Whilst people can cover up or resort to repellant, Margolis advises people in affected regions to simply tidy up. Any form of container in which shallow water can accumulate provides the perfect breeding ground for a female mosquito in search of a place to lay her eggs. "They can breed anywhere," says Margolis -- including the surface of trash cans, containers and used tires. "Anything that collects water will allow mosquitoes to reproduce in that water," he says.

    Easy breeders

    Surface water, human blood and warm temperatures provide the perfect environment for these mosquitoes to flourish.
    With no drug or vaccine yet available, the main form of disease prevention to date has been mosquito control -- through the large-scale spraying of insecticides. The chemicals have been deployed in both residential and public spaces in a mass culling of the insects spreading the disease, taking other diseases carried by these mosquitoes with them. But the sprays haven't been able to beat their versatile opponents -- especially with humans further aiding the spread of infection.
    "It's people who move the infection around," says Margolis.
    Up to 75% of those infected never develop symptoms of Dengue, making it easy for the virus to be transported as people move around. When someone carrying the virus in their blood enters an area native for Aedes mosquitoes, they bring with them the potential to spread the disease. "Travelers come back with it and you get small outbreaks," says Margolis.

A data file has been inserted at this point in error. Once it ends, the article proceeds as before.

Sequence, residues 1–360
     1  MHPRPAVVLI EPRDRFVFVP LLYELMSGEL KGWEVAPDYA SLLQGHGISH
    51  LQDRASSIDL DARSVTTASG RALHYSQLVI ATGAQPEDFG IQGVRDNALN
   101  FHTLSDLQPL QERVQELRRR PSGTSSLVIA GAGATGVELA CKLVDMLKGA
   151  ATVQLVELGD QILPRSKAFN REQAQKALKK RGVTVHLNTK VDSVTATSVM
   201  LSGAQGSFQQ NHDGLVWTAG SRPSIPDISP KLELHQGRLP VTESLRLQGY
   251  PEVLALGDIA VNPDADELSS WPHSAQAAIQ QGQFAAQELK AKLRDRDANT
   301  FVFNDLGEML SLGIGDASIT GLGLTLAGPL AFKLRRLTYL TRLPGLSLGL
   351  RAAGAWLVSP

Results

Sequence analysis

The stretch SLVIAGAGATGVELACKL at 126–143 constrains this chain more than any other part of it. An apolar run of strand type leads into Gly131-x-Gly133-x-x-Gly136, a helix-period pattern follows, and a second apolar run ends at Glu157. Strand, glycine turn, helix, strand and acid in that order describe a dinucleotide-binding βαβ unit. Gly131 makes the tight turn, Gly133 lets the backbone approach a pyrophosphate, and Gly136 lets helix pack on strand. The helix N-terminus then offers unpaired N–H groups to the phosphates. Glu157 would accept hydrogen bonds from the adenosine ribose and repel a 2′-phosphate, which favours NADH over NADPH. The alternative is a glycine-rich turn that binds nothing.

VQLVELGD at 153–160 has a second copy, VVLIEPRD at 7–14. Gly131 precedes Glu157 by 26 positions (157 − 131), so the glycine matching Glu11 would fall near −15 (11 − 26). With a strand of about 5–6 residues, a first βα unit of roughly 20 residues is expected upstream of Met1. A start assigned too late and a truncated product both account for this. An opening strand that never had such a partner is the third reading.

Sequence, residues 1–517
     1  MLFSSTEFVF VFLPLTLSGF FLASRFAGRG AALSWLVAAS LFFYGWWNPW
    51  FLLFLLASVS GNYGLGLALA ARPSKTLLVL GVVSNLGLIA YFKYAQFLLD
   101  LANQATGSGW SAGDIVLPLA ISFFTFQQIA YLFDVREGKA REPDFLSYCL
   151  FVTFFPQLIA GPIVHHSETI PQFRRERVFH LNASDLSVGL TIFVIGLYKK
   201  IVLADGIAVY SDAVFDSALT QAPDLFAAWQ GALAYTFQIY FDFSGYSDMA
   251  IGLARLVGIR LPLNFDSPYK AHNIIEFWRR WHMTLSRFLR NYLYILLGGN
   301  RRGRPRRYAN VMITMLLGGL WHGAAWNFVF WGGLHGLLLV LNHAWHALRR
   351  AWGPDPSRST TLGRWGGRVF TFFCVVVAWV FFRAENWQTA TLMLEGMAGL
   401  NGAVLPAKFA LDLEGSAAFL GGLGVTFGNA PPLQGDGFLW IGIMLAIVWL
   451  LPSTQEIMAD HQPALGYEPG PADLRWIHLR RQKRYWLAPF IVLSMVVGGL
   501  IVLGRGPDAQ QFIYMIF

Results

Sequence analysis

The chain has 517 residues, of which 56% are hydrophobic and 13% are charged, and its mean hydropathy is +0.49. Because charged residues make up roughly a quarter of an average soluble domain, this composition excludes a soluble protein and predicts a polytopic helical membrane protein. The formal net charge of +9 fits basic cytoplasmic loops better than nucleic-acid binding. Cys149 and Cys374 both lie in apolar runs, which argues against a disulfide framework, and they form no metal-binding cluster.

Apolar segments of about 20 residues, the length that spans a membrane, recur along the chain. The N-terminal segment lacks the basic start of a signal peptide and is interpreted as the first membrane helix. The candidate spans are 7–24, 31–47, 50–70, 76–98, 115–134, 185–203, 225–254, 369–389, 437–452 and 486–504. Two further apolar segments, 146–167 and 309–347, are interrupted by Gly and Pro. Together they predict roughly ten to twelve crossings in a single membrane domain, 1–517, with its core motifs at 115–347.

In October 2012, an outbreak of Dengue occurred in Madeira, Portugal, resulting in 18 confirmed and more than 190 potential infections in a country where the disease is not normally found.
    "Dengue is responsible for about 10% of people who come back from holiday with a temperature," says Erik Sloan, an infectious disease clinician at the Liverpool School of Tropical Medicine, in the UK, who has seen a rise in the number of cases he's treating. "We see more patients with Dengue than we did 10 or 20 years ago," he says. The challenge for medics like Sloan is both diagnosing the disease, as many other infections cause fevers, and managing his patients when there is no treatment available.
    Treating patients requires close monitoring in case the infection progresses to the more severe form of the disease, with symptoms such as internal bleeding and multiple organ failure. "Normally there's a high chance you'll be completely fine," says Sloan. But he doesn't get complacent. "If severe, there is a 12% risk of mortality," he adds.